The Annapolis Market House is open -- sort of.
The first vendor in the downtown landmark, Amsterdam Falafelshop, planned a soft opening with a private guest list for Thursday night.
After a few more private events, they hope to have the eatery open for good by Sunday night or Monday, said Amrish Vyas, owner of the Annapolis location of Amsterdam Falafelshop.
The company has popular eateries in Washington, D.C., and Somerville, Mass. They serve falafel with an assortment of toppings, as well as french fries and brownies.
Arianne Bennett, one of the company's founders, said she's "bouncing off the walls" with excitement for the Market House location to open.
Amsterdam Falafelshop occupies one corner of the Market House. While the other vendors continue to work on their spaces, construction will be moved to nighttime so as not to interfere with the falafel eatery's operations.
On Thursday morning, workers were chopping vegetables and mixing sauces in Amsterdam Falafelshop's kitchen. The eatery expects to employ about 20 workers from the Annapolis area.
Annapolis city officials said they expect Firenzes Gelateria to open next. Also in the works are Hard Bean Cafe, Carl's Corned Beef and Delicatessen, Annapolis Organic Market, Good Life Smoothie Bar and Yellowfin Seafood & Oyster Bar, which is expected to be the last to open.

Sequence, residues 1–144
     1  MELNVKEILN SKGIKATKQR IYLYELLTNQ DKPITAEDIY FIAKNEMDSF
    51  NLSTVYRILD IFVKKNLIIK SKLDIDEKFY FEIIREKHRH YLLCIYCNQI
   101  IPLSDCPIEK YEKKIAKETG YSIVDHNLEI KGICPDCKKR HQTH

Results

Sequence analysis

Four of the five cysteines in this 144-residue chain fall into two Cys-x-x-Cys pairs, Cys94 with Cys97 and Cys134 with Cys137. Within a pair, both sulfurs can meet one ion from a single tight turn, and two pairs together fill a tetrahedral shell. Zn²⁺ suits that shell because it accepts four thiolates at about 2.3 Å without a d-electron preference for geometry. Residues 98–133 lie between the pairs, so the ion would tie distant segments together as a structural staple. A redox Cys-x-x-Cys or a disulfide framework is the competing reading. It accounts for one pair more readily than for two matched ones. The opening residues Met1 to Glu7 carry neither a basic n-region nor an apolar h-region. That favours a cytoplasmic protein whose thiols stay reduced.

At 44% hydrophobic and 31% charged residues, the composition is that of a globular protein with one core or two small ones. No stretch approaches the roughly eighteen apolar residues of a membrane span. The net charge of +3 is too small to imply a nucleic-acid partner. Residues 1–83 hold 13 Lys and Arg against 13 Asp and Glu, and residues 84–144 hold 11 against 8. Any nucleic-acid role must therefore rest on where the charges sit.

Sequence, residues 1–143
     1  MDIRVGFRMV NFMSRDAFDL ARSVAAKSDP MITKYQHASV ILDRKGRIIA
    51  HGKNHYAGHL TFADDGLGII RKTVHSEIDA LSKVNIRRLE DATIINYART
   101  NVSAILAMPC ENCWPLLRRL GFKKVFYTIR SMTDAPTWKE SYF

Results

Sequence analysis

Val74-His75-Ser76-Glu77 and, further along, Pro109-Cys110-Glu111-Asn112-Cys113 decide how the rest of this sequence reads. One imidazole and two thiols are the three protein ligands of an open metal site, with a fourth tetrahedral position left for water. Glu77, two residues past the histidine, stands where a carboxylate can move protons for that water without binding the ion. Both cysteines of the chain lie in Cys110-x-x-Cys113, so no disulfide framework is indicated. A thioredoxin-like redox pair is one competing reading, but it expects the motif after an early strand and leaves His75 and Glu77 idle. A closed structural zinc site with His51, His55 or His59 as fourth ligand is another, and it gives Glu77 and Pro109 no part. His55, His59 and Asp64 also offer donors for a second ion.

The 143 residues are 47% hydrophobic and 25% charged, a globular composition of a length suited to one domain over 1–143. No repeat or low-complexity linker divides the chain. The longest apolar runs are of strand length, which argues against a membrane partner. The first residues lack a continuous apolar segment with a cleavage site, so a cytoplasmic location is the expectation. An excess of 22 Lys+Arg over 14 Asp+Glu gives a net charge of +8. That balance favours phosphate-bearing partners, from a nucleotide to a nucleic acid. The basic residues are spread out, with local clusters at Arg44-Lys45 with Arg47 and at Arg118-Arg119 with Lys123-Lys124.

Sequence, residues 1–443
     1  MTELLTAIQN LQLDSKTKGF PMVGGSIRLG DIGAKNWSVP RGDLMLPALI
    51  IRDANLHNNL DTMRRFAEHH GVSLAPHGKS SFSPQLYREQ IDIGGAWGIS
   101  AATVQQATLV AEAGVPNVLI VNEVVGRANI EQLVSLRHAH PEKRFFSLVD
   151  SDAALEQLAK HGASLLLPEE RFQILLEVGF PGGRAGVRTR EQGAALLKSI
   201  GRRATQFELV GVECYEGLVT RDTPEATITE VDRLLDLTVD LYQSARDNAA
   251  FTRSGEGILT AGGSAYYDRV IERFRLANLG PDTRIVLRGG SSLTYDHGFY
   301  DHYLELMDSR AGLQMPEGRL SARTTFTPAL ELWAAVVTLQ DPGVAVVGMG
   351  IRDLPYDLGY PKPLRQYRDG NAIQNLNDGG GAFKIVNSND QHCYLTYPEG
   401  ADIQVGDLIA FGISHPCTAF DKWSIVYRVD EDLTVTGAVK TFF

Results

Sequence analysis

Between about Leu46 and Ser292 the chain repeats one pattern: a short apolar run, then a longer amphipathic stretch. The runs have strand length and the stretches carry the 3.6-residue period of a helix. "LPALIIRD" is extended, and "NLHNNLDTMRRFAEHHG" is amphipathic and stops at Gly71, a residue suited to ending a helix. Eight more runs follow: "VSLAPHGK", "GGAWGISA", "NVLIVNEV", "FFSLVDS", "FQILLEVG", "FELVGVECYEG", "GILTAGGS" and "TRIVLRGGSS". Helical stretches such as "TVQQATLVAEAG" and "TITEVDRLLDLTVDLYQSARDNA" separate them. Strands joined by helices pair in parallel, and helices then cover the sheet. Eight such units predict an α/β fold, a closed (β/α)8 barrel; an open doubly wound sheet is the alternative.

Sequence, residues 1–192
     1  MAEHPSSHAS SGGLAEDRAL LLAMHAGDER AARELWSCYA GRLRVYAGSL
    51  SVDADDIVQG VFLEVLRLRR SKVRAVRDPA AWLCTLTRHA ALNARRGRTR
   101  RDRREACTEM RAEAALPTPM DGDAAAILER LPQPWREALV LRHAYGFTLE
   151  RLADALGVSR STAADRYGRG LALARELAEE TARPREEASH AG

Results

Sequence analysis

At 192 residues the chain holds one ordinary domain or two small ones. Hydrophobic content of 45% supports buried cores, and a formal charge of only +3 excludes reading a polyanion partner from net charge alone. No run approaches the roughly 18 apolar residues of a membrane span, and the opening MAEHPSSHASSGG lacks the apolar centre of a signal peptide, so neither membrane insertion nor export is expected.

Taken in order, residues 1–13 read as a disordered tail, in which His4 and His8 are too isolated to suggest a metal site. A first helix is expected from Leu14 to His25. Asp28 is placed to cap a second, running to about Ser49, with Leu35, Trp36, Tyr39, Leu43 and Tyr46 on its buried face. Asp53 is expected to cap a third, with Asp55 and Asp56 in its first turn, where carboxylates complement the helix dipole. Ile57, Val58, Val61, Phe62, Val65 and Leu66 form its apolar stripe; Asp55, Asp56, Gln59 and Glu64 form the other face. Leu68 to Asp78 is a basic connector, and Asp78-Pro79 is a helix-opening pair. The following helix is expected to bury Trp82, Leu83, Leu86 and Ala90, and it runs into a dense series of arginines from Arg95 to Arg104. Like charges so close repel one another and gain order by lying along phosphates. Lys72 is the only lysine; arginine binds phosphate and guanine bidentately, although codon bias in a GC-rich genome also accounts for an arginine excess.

Bennett said the vendors have gotten to know each other through the permitting and construction process.
"We've gotten to be a very tight-knit family," she said. "We can't wait to eat their food."
Thursday night's soft opening for Amsterdam Falafelshop comes on the last day of spring. Annapolis Mayor Josh Cohen has been saying for months that he hoped to have Market House re-opened by spring.
Cohen is on a tourism trip to Ireland, but left behind $10 so he could be the first official customer at Amsterdam Falafelshop. Vyas said he plans to print out a receipt and frame it for the mayor.
Once all of the Market House vendors are open, Cohen has said he'll fulfill a promise to "walk the plank" into the water at City Dock after blowing a previous deadline to get the Market House open last fall.
The city-owned Market House has been a source of controversy in Annapolis for years, ever since it was badly damaged by Tropical Storm Isabel in 2003.
The city has spent more than $1 million on repairs and improvements, as well as legal fees resulting from disputes with prior tenants. It's been open only sporadically in recent years.
In an email from Ireland, Cohen wrote: "Annapolitans are beyond ready to turn the page, and I am thrilled that today we begin a new chapter for the Market House ... I am confident that our community will embrace the new mix of vendors, and that the Market House will once again take its rightful place as the pride of Annapolis."Copyright © 2014, The Baltimore Sun